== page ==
Machine Learning by Reading, a Path to Paul Allen’s Common Sense AI


A recent article about Paul Allen’s project Alexandria mentions the need for computers being able to have common sense. This means computers reaching somewhat human level cognition, which is a super ambitious goal. This level of achievement is most likely infeasible in the short run, and funding judgments for this goal is encouraged by the availability of super computers and vast amount of data. However, the assessment of this goal and the possible routes to success require us to define a measurable (or perceivable) scale. Hence, let’s start defining such a scale.


The easiest scale to follow this argument is the basic definitions of data, information, knowledge, and logic as shown here in the figure below. Detection of the difference among data creates information. Same hierarchy applies to knowledge, logic, and common sense reasoning. If there is no difference detected, there can be no information, knowledge, logic, or common sense reasoning. This is the very basic premise of processing intelligence. For computers to operate at the “common sense” level, they are required to resolve (1) common sense resoning from logic, (2) logic from available knowledge, (3) knowledge from available information, and (4) information from available data. The question is how can we shorten this path for a feasible solution for common sense reasoning in the foreseeable future?


Methods of data science, such as deep learning, are useful for anaylzing data to extract new information. These methods can sometimes go one step further to produce knowledge with limitations (For example, stock market analysis using data-driven methods can never justify the knowledge produced). There is a natural barrier of conversion from information to knowledge by sheer data analysis. Knowledge science is an entirely different realm. The difference between data science and knowledge science is as striking as the difference beteen Newtonian physics versus Quantum physics.

The challenge of knowledge science is to deploy correct models of knowledge, whereas data science crunches numbers without assuming a model.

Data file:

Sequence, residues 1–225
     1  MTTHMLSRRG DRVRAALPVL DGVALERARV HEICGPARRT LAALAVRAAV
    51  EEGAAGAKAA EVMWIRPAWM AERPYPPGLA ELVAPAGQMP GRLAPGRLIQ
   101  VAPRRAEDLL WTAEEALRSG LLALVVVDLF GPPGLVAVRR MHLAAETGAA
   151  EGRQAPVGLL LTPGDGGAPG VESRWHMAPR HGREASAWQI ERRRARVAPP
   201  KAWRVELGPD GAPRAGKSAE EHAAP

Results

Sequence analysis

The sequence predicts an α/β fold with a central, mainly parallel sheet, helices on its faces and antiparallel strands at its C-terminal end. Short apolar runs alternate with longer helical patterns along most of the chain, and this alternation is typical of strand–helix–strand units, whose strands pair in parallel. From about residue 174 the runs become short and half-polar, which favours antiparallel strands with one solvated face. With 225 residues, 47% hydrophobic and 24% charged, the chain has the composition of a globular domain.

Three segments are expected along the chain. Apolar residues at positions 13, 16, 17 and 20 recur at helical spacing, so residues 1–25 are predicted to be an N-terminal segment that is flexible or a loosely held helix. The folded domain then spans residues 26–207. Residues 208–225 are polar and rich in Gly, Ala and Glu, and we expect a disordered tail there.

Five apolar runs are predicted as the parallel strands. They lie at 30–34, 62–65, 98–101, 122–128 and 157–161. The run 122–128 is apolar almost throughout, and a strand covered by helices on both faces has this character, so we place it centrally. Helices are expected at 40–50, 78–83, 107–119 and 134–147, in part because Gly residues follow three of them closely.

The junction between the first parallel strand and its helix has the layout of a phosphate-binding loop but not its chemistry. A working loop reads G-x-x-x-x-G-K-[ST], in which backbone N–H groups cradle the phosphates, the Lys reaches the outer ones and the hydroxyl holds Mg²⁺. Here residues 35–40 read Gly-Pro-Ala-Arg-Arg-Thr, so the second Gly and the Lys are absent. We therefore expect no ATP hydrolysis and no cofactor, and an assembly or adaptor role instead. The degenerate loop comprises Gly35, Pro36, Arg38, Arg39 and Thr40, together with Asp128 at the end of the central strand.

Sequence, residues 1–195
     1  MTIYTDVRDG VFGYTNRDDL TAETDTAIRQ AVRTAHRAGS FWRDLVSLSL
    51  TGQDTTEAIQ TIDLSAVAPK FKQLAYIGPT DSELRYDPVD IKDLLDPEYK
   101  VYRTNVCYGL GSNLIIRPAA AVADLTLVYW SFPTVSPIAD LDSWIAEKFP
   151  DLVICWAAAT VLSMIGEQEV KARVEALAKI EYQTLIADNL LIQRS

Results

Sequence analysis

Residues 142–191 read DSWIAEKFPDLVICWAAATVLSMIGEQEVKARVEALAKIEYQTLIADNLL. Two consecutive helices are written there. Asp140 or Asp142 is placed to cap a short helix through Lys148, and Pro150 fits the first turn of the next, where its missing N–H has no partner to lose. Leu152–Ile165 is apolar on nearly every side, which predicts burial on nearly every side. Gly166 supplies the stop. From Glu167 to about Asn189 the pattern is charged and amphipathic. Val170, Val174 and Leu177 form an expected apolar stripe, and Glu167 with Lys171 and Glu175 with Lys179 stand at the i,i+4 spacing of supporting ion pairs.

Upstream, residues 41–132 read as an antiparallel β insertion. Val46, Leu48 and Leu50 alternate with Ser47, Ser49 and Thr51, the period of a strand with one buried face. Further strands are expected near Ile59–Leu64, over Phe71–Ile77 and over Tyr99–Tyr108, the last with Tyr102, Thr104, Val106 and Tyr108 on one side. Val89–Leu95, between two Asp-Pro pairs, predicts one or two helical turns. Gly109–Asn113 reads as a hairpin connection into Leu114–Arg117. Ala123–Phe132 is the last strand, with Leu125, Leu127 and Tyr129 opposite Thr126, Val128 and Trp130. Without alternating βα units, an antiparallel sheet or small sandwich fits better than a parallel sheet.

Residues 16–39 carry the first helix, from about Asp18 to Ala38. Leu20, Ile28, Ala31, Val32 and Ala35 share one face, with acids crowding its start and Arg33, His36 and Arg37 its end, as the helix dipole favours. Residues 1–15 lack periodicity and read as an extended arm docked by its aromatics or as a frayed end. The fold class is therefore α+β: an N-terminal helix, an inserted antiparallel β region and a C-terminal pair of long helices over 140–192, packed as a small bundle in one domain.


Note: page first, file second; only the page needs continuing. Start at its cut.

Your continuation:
The attractiveness of “no model” in deep learning, for example, causes a misconception such that it can be applied to higher domains (i.e., CNN applied to any problem). One particular direction is natural languages where tensor flow and vectorized words are assumed to cross that barier. One of my earlier articles titled “Why Deep Learning and NLP don’t Get Along Well?” explain why this is nothing but wishfull thinking.

As shown in the figure above, knowledge-driven machine learning will undoubtedly be the shorter path to reach common sense reasoning. Because the existing knowledge (millions of books for example) can be processed by a computer just like reading them to learn. Here is another article, titled “Can Machine Learning Use Knowledge instead of Data?” that sheds light to this subject.


Knowledge-driven approach does not treat sentences in natural language as data. Instead, it assumes them as part of its initial model. The basic premise is that the initial model assumed for knowledge representation can be corrected iteratively as more sentences are processed. This hypothesis is supported by our own human experiences as our understanding improves by reading more books.

The idea of lifting knowledge from a source curated by a human experts (authors), and implanting to a computer is, in one sense, similar to cloning knowledge. Hence, the method is called Deep Cloning, and explained in this article titled “Deep Cloning vs Deep Learning“.

The figure below shows one of our experiments with deep cloning for logic resolution. The system resolves the question “Is Mike in good shape?” by following a path through its knowledge representation from the sentences acquired earlier. As more sentences learned, the logic improves, and it may strengthen of reverse its conclusion. This demo will be open to public in coming months.


It will clearly be a very long path for implanting common sense reasoning to a computer. The knowledge-driven methods offer a shorter path to reach the goal while subject to more challenging and creative solutions.

If we can make computers read and learn like we do, then there is a good chance to expect higher level cognitive functions from them in the near future.


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